Madoff's trading fiction
Statements Bernard Madoff sent to clients each month pointed to clever trading strategies - but none could have produced the stated returns.
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NEW YORK (CNN) -- As Bernard Madoff was telling his investors they were earning double-digit annual gains, it appears he wasn't even investing their money, according to a CNN investigation of his reported trades.
Madoff, facing a criminal charge of securities fraud for allegedly cheating investors of tens of billions of dollars, sent monthly statements to clients detailing their supposed trades and the value of their accounts.
For decades, Madoff customers say, Bernard L. Madoff Investment Securities reported yearly returns of as much as 18%; in the past couple of years the reported gains were 10% to 12%.
But an analysis of statements obtained from Madoff clients finds the reported trades could not have yielded the profits Madoff claimed.
"These statements are probably fictional and pure imagination," said Michael Schwartz, Chief Options Strategist with Oppenheimer & Co., after reviewing Madoff's supposed transactions.
In November, the last statement sent to investors, Madoff reported buying 35 well-known stocks, members of the Standard and Poor's 100 Index.
At the same time he claimed to be locking in potential profit by selling Standard and Poor's 100 Index Call Options (which give the right to buy the index at a certain 'strike price'), and protecting against downside risk by buying S&P 100 Put Options (which give the right to sell the index at a certain 'strike price').
The Call and Put strike prices were close to each other, which would make the strategy a conservative one.
At best, veteran options experts calculate, it would have yielded returns of no more than a couple percentage points above Treasury-bills (the one-year T-bill currently yields 0.42%), rather than the double-digit returns Madoff reported.
"These strategies would have yielded 2% to 3%," said Greg McMurran, Chief Investment Officer of Analytics Investors.
And in today's market, pros point out, the approach would likely suffer losses. "They're losing money right from the inception," said Schwartz.
Investment pros also point out the market where Madoff would have had to have executed his strategy of selling S&P 100 Calls and buying S&P 100 Puts - the Chicago Board Options Exchange - never had the volume of trading Madoff would have required for the billions he was supposedly managing.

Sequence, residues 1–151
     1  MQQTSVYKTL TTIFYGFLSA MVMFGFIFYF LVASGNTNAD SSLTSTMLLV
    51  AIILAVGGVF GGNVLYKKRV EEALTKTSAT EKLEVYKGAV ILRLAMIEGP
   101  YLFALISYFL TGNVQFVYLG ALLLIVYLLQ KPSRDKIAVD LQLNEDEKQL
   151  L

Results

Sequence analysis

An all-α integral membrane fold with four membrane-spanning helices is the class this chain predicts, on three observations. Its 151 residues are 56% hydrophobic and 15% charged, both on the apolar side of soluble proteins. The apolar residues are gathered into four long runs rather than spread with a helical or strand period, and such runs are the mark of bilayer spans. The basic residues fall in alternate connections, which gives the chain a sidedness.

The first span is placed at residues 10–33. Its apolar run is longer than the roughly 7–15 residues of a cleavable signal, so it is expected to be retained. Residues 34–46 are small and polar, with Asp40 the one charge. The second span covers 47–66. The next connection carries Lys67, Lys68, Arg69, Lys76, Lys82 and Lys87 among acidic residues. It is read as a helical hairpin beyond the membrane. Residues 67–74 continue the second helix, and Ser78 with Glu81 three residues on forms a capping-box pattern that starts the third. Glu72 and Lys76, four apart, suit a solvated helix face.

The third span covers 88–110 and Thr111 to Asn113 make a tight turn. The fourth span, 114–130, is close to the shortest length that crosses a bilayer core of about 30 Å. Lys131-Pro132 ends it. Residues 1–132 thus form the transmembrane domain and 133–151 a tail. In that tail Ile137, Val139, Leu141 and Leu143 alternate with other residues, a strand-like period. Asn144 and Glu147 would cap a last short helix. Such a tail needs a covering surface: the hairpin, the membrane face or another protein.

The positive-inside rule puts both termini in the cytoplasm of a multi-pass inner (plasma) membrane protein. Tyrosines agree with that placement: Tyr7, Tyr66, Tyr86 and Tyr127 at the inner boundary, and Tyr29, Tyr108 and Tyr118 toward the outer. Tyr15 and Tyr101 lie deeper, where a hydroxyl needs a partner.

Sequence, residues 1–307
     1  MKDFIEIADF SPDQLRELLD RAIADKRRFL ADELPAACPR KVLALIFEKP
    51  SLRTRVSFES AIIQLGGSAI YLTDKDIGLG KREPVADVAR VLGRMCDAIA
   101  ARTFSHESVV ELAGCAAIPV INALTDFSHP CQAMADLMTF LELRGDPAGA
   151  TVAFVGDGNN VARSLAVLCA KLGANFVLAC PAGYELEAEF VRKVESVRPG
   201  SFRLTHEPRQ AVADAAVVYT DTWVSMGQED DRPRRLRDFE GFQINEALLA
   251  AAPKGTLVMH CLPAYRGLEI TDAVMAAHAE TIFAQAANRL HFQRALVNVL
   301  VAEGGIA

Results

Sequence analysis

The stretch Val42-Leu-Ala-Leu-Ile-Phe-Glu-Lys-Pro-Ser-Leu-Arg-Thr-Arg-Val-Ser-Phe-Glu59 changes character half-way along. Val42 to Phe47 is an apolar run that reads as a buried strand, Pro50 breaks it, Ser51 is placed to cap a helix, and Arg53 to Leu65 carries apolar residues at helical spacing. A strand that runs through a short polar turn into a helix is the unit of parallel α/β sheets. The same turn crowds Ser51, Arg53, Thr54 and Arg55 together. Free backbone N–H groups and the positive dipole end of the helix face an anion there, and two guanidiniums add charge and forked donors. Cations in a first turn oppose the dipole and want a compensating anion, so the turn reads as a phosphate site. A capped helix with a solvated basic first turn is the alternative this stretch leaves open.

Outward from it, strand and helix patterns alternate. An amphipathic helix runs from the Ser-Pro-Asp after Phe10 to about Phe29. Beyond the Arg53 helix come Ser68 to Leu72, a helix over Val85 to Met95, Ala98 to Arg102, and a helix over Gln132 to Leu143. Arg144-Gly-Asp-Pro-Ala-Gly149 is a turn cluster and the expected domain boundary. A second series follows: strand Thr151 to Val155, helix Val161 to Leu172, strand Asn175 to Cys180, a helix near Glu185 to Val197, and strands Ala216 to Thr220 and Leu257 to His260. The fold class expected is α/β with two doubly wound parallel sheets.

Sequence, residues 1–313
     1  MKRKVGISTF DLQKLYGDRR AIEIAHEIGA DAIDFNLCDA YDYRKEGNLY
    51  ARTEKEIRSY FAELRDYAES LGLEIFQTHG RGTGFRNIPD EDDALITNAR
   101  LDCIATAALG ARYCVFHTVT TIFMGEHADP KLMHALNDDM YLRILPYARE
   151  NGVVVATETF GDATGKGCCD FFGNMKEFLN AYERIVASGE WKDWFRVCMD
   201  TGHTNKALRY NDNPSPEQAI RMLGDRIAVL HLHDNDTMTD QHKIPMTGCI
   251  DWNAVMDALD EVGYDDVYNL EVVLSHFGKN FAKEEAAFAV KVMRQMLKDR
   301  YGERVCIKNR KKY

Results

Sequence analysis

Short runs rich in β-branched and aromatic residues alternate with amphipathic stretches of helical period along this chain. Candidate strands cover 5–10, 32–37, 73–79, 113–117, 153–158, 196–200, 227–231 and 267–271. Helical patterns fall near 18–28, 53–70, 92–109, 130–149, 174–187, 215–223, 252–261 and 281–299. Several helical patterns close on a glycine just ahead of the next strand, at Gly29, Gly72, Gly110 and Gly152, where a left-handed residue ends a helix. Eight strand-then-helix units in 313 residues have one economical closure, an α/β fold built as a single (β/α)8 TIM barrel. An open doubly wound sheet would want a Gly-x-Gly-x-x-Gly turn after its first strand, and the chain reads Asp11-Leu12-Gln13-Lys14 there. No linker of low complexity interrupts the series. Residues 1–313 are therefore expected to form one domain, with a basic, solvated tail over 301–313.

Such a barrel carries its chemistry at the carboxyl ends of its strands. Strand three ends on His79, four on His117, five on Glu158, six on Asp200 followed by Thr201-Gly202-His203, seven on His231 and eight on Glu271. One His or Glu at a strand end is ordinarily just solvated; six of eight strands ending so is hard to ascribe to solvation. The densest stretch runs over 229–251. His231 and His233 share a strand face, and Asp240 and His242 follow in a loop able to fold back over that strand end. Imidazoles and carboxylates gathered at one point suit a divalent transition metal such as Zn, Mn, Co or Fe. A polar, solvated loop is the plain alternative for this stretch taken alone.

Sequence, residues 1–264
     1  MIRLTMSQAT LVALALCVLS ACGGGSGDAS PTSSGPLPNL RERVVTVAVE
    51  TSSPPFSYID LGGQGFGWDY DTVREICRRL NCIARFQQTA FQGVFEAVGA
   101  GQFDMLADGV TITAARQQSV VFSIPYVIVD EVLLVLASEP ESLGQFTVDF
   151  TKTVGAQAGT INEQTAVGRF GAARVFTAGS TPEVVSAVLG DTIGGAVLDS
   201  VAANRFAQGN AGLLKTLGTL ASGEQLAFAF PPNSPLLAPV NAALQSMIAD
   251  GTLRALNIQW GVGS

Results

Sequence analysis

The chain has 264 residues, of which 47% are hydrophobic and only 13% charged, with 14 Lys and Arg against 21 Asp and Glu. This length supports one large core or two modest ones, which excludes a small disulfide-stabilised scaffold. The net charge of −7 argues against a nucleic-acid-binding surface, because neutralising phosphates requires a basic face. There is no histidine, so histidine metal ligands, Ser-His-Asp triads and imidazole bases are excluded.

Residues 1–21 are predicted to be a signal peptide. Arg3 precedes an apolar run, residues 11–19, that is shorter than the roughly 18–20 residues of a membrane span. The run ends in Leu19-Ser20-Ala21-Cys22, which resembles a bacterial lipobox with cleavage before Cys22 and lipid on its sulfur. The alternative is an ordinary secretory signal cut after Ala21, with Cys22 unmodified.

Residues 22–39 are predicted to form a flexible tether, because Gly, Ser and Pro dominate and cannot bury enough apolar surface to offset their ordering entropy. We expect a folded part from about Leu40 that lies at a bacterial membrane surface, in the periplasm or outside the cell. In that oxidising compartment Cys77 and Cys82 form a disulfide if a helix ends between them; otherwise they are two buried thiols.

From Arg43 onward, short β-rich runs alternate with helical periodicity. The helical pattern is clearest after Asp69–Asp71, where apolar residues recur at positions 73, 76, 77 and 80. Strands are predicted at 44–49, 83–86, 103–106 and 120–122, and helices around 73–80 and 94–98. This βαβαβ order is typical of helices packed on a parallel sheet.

"The market wasn't big enough for the types of volumes he needed," said McMurran, a fact the CBOE confirms.
Such revelations have been devastating for Larry Leif - a Madoff customer for three decades, who said he read his statements every month and thought he was doing well.
"They're all fakes and basically everything I own is gone," said Leif, holding his Madoff paperwork.
Leif could have known earlier because trades listed on his statements are inaccurate. Madoff reported buying Microsoft stock for Leif last Nov. 12 at $21.81. In fact, Microsoft never traded above $21 that day! There are similar inconsistencies for other stocks like Citigroup, Coca-Cola and Apple that Madoff claimed to have bought.
Madoff in November also reported putting cash into Fidelity Spartan U.S. Treasury Money Market Fund. Fidelity says it hasn't had a fund by that name since 2005.
"We're not aware of any investments by Madoff in our funds on behalf of his clients," said Fidelity spokesperson Adam Banker.
Bernard Madoff claimed in a 2001 article that his firm executed trades for investment clients. "We're perfectly happy making the commissions," Madoff was quoted in the hedge fund industry publication MARHedge. But the Financial Industry Regulatory Authority, which examined the books of Madoff's trading firm every two years, found no evidence of trading for retail clients.
"There was no indication of trades being executed on behalf of the investment advisory. There was no indication of customer accounts being generated," said Herb Perone, spokesman for FINRA.
The criminal complaint against Madoff says he admitted to two senior employees of his firm - identified by well-placed sources as his sons Mark and Andrew - that "'it's all just one big lie.' and that it was 'basically, a giant Ponzi scheme.'" In such scams clients are paid with money received from new investors. Madoff estimated the losses from the fraud to be at least $50-billion, according to the criminal complaint. But that figure may include phantom profits.
Madoff's attorney Ira L. Sorkin refused comment on CNN's analysis of Madoff's reported trading. With regard to the Madoff scandal, Sorkin said, "This is a tragedy. We are cooperating fully with the Government investigation to minimize losses."